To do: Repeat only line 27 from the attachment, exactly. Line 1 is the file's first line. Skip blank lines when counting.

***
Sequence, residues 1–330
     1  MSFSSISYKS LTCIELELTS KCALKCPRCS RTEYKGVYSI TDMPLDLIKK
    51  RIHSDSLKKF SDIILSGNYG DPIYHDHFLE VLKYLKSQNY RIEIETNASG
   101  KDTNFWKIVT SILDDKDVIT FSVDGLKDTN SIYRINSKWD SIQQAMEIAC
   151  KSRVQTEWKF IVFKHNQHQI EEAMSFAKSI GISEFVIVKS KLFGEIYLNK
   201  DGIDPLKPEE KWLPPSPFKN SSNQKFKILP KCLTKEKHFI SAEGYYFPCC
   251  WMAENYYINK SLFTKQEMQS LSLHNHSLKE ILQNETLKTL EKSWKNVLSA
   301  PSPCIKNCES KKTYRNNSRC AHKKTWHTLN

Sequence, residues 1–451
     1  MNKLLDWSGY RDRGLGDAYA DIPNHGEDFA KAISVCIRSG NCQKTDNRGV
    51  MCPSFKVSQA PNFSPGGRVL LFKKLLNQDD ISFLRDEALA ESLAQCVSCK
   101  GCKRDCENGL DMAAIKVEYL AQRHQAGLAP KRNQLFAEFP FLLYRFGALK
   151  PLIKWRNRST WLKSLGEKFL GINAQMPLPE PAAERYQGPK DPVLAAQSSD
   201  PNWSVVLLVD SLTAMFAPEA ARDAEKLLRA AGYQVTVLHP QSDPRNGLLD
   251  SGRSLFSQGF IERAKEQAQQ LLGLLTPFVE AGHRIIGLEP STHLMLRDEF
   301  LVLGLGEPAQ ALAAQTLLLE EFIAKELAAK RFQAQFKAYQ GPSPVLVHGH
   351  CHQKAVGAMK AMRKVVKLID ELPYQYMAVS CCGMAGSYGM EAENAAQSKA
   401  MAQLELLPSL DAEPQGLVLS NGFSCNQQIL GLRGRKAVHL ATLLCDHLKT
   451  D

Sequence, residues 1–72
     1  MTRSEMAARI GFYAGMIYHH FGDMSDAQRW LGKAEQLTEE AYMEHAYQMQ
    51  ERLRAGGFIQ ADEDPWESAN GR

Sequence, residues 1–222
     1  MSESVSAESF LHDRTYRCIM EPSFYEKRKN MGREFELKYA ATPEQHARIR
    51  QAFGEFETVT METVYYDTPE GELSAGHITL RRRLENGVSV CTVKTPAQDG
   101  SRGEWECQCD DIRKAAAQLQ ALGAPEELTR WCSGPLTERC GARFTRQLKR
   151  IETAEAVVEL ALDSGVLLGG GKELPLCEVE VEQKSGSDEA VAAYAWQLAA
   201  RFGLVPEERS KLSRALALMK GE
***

   151  IETAEAVVEL ALDSGVLLGG GKELPLCEVE VEQKSGSDEA VAAYAWQLAA